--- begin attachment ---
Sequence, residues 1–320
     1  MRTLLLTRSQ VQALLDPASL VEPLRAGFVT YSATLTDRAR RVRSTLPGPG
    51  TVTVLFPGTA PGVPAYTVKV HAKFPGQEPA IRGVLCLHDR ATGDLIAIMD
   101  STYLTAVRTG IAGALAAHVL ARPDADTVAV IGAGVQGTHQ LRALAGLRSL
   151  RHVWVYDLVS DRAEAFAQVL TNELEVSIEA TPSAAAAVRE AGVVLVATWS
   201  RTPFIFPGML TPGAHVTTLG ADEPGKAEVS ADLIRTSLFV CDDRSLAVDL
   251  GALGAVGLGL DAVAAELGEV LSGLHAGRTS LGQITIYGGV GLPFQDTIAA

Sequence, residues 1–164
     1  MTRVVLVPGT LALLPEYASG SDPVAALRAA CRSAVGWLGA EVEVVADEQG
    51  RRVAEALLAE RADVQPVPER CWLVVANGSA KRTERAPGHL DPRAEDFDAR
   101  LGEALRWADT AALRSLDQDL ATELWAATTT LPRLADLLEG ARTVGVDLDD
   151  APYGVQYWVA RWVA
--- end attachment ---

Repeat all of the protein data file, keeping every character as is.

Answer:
Sequence, residues 1–320
     1  MRTLLLTRSQ VQALLDPASL VEPLRAGFVT YSATLTDRAR RVRSTLPGPG
    51  TVTVLFPGTA PGVPAYTVKV HAKFPGQEPA IRGVLCLHDR ATGDLIAIMD
   101  STYLTAVRTG IAGALAAHVL ARPDADTVAV IGAGVQGTHQ LRALAGLRSL
   151  RHVWVYDLVS DRAEAFAQVL TNELEVSIEA TPSAAAAVRE AGVVLVATWS
   201  RTPFIFPGML TPGAHVTTLG ADEPGKAEVS ADLIRTSLFV CDDRSLAVDL
   251  GALGAVGLGL DAVAAELGEV LSGLHAGRTS LGQITIYGGV GLPFQDTIAA

Sequence, residues 1–164
     1  MTRVVLVPGT LALLPEYASG SDPVAALRAA CRSAVGWLGA EVEVVADEQG
    51  RRVAEALLAE RADVQPVPER CWLVVANGSA KRTERAPGHL DPRAEDFDAR
   101  LGEALRWADT AALRSLDQDL ATELWAATTT LPRLADLLEG ARTVGVDLDD
   151  APYGVQYWVA RWVA